The legacy of Jim Foley? Tom Durkin intentionally put it in terms that connected to Marquette University’s core mission. “We’re either people for others or we’re not,” Durkin said. “That’s the legacy that he created – we do stuff for others.”
Durkin was a close personal friend of Foley, a Marquette alum who committed himself to reporting from some of the most troubled spots in the world. Foley wanted to get to know the people living in those places, to tell their stories, and to help others around the world understand the world we all live in. Durkin said.
Foley was captured in Libya in 2011 and held hostage for 44 days before being released. After returning to the United States – a trip that included a visit to Marquette, where he took part in a public discussion about journalism in war-torn places – Foley went back to work, this time in Syria. In late 2012, he was captured by ISIS. In August 2014, he was executed by ISIS, a gruesome event that drew worldwide condemnation.
At an “On the Issues with Mike Gousha” program at Marquette Law School this week, Durkin said he was proud of Foley and his commitment to telling the stories of everyday people in places such as Syria. But, he said, when it came to Foley’s intention of working in such troubled places, “we definitely had some heated discussions, particularly after he was released from Libya.”
“He felt that he had made adjustments, he had learned better techniques, better strategy for how to get the story,” Durkin said. Furthermore, “how do you tell someone who does something that they believe in that they shouldn’t be doing it? . . . I understood why he was doing it.”
Durkin is now an adjunct professor in the English department at Marquette and a board member of the James W. Foley Legacy Foundation.
Joining Durkin at the program in Eckstein Hall were Professor Eric Ugland, who teaches media ethics in Marquette’s Diederich College of Communication, and Meg Jones, a reporter for the Milwaukee Journal Sentinel who was taken eight reporting trips to Iraq and Afghanistan to write about the work of Wisconsin-based soldiers serving in those places.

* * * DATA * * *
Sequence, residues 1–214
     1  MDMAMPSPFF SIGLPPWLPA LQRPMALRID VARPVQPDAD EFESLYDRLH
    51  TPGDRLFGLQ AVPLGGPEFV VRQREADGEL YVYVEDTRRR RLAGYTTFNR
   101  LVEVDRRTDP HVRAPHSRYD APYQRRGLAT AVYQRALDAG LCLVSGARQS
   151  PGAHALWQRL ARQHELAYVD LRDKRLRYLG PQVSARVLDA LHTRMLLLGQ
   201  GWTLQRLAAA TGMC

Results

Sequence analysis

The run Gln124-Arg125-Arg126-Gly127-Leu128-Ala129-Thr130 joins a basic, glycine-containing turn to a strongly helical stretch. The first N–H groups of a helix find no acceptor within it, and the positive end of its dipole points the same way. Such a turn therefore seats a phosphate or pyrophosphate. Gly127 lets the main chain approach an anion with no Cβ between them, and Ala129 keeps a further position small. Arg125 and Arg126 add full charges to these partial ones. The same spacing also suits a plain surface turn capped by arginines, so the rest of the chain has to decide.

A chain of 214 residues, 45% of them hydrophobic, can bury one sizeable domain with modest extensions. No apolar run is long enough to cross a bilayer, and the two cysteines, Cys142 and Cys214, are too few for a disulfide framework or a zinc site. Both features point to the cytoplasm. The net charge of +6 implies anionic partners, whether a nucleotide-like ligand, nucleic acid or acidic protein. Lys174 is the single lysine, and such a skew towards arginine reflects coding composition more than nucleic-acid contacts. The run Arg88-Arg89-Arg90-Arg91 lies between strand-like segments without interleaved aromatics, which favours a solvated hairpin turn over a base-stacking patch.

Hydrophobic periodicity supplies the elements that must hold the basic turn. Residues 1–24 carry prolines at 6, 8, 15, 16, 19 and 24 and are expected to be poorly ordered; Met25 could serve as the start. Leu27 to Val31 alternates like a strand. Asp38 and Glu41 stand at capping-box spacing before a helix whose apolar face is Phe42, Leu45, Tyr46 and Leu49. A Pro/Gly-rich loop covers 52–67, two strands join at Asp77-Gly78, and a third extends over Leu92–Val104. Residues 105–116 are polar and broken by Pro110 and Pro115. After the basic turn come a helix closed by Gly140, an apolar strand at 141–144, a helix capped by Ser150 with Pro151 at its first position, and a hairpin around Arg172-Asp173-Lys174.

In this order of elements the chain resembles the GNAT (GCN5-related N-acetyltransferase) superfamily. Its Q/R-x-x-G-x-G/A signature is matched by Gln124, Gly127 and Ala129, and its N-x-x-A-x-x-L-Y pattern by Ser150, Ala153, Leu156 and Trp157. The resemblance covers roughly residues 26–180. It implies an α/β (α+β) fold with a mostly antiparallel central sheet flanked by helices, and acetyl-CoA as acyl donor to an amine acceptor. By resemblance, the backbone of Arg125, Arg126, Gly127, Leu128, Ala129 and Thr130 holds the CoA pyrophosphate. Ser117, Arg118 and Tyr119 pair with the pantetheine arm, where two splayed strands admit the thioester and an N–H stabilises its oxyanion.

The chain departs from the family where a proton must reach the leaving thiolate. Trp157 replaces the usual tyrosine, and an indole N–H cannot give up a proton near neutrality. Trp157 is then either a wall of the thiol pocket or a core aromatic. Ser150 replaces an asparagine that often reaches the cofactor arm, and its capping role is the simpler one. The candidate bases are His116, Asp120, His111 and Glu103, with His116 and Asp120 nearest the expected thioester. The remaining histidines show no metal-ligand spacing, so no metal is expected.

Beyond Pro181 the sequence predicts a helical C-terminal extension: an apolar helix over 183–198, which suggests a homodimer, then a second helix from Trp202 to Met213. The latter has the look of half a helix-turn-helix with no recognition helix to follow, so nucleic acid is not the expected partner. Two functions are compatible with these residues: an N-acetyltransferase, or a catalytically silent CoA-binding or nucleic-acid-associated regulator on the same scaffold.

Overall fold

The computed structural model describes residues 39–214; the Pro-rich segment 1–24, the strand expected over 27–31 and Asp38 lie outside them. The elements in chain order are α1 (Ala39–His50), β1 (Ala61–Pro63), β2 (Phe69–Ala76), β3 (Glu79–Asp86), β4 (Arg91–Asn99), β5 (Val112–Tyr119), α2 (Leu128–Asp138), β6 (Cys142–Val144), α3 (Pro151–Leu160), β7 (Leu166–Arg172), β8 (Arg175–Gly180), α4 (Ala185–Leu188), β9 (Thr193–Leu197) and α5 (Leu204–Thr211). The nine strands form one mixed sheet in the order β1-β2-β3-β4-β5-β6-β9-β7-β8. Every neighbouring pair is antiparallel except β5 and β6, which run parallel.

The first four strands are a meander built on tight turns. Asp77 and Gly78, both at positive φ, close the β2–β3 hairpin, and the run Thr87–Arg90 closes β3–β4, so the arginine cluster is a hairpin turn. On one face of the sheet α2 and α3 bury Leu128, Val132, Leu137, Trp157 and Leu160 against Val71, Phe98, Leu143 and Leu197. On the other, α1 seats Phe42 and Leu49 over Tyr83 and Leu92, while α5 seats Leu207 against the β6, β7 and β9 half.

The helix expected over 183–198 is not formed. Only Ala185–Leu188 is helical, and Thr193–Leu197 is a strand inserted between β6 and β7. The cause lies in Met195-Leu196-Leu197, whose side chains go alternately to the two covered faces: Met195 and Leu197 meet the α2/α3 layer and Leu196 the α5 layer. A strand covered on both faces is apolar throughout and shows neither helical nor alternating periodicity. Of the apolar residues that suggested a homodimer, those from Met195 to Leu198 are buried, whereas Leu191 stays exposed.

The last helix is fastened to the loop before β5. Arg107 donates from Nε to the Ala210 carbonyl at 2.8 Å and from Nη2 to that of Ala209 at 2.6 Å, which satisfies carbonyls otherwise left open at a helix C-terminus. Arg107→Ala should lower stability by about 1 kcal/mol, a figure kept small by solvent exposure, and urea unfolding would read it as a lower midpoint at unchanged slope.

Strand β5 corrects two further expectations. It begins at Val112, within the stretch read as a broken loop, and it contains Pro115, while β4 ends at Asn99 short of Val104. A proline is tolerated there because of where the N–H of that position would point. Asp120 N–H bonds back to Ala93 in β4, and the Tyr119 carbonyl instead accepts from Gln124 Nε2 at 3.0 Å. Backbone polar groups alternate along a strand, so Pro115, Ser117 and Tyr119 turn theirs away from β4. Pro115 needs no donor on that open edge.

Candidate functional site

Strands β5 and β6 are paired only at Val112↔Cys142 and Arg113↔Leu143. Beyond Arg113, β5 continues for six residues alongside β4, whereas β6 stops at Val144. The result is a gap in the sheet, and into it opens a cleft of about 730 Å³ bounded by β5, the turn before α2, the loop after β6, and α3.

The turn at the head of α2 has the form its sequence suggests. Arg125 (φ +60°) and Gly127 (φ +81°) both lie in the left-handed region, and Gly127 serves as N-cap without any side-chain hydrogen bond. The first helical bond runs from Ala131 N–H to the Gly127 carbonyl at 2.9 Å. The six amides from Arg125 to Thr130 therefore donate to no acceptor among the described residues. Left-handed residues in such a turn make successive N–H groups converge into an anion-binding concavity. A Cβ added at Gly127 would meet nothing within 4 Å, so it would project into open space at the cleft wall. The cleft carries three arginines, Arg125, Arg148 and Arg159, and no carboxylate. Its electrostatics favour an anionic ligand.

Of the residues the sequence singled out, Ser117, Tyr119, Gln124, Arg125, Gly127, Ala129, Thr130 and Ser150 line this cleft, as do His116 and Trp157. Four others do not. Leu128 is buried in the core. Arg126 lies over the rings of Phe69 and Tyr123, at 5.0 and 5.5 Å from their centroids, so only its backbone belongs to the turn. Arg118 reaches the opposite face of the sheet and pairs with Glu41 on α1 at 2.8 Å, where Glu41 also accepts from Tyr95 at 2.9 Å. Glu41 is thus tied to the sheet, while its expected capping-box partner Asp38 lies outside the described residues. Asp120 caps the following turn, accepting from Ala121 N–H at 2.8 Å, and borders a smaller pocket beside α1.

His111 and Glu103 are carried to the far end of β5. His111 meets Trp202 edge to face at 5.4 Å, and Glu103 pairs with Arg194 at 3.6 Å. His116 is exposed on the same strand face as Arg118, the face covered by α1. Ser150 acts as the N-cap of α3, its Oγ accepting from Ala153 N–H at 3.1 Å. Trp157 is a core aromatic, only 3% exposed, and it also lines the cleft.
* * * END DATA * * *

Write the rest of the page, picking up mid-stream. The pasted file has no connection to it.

The program with Gousha, the Law School’s distinguished fellow in law and public policy, was done in collaboration with the Milwaukee Film Festival, where a documentary, “Jim: The James Foley Story,” was shown last weekend.
Ugland described Foley as someone who “was always doing things related to the underdog.” Ugland said Foley agonized over the ethics of doing the kind of work he did, including the potential impact on his family, but believed that what he was doing was important.
Ugland put Foley’s death in the context of increasing numbers of attacks on journalists around the world, including in the Philippines, Thailand, Turkey, and Mexico. “There’s this crumbling of the sense that journalists are off limits,” Ugland said. If journalists aren’t allowed to do their work without being attacked, “we’re going to run out of journalists” and not know what’s going on in the world, he said.
Jones recalled being part of the program with Foley at Marquette following Foley’s release from Libya and compared the work she did as an embedded journalist with American troops with his work as a freelance reporter “outside the wire,” the boundary around military emplacements. She said both of them voluntarily put themselves in dangerous places where they felt they were doing important work, but Foley didn’t have the surrounding protections that she had.
Durkin praised Foley for having both physical courage and moral courage. He said Foley’s willingness do what he did sent a message that, without going to such lengths, everyone can do things that help others and have impact.
Video of the “On the Issues’ program may be viewed by clicking here.